Pages 1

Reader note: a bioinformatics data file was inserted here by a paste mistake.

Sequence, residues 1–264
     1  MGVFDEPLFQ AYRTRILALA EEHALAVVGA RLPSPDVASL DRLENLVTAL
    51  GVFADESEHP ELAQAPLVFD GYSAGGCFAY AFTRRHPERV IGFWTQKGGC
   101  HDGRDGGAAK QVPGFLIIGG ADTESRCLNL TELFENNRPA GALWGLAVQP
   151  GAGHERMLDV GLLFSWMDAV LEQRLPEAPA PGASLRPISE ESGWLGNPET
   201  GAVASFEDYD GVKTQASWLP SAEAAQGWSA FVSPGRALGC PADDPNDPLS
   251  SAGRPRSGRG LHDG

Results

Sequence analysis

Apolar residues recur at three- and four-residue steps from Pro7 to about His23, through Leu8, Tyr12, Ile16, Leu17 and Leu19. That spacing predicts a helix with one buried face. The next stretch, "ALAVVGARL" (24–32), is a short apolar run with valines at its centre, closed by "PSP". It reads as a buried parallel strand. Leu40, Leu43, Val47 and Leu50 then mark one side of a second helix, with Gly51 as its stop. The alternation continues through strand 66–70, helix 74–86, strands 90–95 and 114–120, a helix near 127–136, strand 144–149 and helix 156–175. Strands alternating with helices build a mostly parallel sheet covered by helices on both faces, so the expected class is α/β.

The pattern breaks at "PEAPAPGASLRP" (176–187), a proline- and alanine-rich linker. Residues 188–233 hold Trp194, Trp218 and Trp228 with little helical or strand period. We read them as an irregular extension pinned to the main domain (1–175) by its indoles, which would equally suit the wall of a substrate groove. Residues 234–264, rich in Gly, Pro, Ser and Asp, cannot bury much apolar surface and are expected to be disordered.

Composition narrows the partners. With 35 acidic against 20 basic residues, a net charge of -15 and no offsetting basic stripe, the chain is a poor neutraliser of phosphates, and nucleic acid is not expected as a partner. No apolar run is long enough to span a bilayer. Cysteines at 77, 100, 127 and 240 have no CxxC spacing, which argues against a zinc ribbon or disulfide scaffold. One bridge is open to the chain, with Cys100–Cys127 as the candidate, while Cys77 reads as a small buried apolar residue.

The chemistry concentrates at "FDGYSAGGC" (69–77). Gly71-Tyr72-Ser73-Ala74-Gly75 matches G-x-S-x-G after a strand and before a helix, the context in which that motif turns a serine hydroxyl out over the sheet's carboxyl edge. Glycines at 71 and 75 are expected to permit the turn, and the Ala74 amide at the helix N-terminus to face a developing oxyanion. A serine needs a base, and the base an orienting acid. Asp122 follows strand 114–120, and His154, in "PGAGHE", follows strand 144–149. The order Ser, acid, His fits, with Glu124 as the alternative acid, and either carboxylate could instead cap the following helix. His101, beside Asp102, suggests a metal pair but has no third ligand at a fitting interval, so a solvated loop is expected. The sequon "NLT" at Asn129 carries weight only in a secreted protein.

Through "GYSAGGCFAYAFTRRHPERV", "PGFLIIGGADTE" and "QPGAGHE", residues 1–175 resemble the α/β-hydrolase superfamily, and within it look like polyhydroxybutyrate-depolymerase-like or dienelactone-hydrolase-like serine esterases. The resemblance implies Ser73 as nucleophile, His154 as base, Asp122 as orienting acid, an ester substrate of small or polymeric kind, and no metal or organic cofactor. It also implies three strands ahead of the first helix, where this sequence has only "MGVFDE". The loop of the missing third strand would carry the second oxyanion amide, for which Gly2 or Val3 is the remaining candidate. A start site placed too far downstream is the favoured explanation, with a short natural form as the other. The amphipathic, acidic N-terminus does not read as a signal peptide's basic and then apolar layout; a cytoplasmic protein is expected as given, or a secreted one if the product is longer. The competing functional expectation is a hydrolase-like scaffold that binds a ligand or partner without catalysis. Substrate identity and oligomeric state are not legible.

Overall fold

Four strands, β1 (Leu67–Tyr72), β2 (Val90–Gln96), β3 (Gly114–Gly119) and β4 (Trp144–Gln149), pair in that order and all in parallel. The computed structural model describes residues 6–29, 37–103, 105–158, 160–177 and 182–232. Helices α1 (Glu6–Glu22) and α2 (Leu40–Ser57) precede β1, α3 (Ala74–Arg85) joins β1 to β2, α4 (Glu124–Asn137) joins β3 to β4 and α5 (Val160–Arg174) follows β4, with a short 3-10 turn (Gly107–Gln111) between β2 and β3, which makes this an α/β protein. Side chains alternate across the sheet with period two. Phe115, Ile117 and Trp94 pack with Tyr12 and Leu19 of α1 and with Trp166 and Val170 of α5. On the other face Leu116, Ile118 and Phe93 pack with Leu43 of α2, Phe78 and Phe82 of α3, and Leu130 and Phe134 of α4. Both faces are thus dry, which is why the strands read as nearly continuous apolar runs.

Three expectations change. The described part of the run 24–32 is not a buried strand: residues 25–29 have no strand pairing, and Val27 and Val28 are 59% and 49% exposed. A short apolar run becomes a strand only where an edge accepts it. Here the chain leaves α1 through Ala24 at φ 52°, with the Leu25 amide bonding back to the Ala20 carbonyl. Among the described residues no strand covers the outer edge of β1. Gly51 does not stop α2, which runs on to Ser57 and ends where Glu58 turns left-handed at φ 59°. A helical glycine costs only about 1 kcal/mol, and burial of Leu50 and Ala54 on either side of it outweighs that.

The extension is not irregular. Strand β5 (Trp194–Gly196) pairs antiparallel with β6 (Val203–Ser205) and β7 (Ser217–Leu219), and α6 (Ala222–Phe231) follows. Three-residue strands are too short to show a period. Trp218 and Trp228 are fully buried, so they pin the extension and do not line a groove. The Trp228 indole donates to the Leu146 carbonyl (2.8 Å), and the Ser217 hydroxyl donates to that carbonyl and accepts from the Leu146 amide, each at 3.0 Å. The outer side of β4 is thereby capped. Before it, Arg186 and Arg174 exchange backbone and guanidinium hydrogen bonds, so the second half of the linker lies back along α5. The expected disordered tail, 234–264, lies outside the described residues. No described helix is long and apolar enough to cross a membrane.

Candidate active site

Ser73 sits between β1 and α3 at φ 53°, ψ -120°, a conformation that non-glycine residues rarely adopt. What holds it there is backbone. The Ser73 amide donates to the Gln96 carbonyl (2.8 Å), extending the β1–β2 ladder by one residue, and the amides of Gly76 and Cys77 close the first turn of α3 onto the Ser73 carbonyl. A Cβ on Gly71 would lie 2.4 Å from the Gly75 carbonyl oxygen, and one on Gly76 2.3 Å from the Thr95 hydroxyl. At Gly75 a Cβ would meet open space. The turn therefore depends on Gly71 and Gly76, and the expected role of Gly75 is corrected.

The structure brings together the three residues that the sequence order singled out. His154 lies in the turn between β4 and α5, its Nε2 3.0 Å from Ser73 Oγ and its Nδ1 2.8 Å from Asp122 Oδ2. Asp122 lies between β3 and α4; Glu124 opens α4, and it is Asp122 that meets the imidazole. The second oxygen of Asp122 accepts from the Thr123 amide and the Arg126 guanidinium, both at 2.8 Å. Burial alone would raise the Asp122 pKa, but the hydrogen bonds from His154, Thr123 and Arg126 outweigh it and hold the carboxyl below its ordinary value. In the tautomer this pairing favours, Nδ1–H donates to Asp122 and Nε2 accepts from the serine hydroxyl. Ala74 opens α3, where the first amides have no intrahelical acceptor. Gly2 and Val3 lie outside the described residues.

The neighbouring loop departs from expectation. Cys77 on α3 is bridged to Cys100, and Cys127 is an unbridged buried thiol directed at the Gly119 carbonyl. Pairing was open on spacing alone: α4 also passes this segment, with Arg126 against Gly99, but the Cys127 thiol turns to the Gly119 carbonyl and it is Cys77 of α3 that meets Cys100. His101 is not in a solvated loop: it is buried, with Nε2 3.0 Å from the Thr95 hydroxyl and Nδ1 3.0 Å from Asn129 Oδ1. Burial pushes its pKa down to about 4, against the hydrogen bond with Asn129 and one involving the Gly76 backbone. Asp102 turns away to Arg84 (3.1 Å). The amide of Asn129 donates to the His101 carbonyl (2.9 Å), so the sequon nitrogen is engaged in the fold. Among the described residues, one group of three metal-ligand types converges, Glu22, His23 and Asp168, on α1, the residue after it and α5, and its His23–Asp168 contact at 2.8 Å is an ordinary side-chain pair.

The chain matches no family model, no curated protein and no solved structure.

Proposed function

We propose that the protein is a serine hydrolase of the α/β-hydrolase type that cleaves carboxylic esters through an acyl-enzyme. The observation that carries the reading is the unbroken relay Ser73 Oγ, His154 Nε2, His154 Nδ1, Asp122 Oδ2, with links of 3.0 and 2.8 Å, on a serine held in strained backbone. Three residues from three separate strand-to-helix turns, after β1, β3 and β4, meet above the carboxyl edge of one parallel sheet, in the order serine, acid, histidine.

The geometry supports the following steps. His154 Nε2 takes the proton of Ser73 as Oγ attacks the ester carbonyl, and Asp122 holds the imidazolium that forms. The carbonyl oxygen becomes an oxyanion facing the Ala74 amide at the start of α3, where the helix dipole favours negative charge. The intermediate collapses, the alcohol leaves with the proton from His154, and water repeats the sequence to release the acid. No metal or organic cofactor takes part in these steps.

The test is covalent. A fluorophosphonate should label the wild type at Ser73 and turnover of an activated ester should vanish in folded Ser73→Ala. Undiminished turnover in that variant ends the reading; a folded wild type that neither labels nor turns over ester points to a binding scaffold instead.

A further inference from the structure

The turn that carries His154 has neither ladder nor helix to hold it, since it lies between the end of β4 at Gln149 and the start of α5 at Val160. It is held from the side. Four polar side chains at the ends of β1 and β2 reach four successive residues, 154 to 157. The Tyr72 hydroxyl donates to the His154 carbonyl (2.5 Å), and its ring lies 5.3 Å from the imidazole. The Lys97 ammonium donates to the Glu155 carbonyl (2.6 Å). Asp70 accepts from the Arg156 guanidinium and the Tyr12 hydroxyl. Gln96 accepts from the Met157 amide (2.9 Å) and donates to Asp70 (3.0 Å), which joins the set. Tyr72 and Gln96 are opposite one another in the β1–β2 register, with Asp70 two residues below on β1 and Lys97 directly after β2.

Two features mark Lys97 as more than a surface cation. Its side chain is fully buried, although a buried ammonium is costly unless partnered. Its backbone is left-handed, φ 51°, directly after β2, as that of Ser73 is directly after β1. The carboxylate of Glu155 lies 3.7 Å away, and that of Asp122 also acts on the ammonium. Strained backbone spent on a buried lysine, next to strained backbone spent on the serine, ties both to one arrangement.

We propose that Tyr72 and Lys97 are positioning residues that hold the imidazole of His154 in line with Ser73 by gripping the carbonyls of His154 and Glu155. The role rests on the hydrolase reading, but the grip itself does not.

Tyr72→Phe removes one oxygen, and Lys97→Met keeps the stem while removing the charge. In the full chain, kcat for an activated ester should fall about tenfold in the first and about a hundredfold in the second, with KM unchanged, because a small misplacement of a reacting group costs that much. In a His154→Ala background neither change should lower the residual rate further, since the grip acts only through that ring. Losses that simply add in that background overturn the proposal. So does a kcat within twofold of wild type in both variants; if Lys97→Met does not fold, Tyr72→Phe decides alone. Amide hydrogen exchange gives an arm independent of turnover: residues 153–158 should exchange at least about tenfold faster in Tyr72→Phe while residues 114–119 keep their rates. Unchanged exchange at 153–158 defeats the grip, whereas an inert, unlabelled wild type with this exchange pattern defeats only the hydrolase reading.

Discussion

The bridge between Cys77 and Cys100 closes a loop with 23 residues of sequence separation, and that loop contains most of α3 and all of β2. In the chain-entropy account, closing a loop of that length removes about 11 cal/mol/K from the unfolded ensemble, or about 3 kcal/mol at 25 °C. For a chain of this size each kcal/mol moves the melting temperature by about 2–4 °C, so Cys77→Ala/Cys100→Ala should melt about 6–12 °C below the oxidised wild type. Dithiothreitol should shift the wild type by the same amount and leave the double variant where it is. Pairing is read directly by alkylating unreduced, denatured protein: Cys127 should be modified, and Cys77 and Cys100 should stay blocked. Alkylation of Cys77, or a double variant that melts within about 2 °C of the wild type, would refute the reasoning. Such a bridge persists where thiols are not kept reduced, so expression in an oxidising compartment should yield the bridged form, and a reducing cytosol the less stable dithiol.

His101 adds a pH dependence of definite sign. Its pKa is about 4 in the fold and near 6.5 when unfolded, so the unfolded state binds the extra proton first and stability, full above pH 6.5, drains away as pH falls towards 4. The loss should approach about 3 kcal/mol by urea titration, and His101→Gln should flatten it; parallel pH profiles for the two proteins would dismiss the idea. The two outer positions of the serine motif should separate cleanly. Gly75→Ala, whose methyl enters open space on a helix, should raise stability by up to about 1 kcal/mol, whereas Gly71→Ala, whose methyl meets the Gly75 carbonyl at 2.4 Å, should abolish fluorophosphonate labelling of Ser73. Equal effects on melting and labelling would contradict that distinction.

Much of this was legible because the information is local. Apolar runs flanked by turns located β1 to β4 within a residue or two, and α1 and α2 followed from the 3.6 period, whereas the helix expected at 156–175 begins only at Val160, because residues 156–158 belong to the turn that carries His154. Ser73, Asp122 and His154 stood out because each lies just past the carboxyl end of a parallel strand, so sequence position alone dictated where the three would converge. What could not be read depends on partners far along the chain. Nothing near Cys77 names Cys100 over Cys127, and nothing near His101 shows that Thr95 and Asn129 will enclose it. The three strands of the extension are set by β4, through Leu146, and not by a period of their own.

The word ‘culture’ is probably the single most central concept in twentieth-century anthropology. It has an especially complex history, of which anthropological usage is only one small part. Etymologically it is linked to words like ‘cultivate’ and ‘cultivation’, ‘agriculture’ and ‘horticulture’. What these different words have in common is the sense of a medium for growth, a meaning quite transparent in modern biological usage where a mould or bacterium may be grown in a laboratory in an appropriate ‘culture’. In English in the seventeenth century it became common to apply this meaning metaphorically to human development, and in the eighteenth century this metaphorical meaning developed into a more general term (Williams 1983). In German (where the word was spelt first Cultur, and then Kultur), the term was used in works of speculative history from the second half of the eighteenth century and, crucially, started to be used in the plural in the sense of humanity being divided into a number of separate, distinct cultures.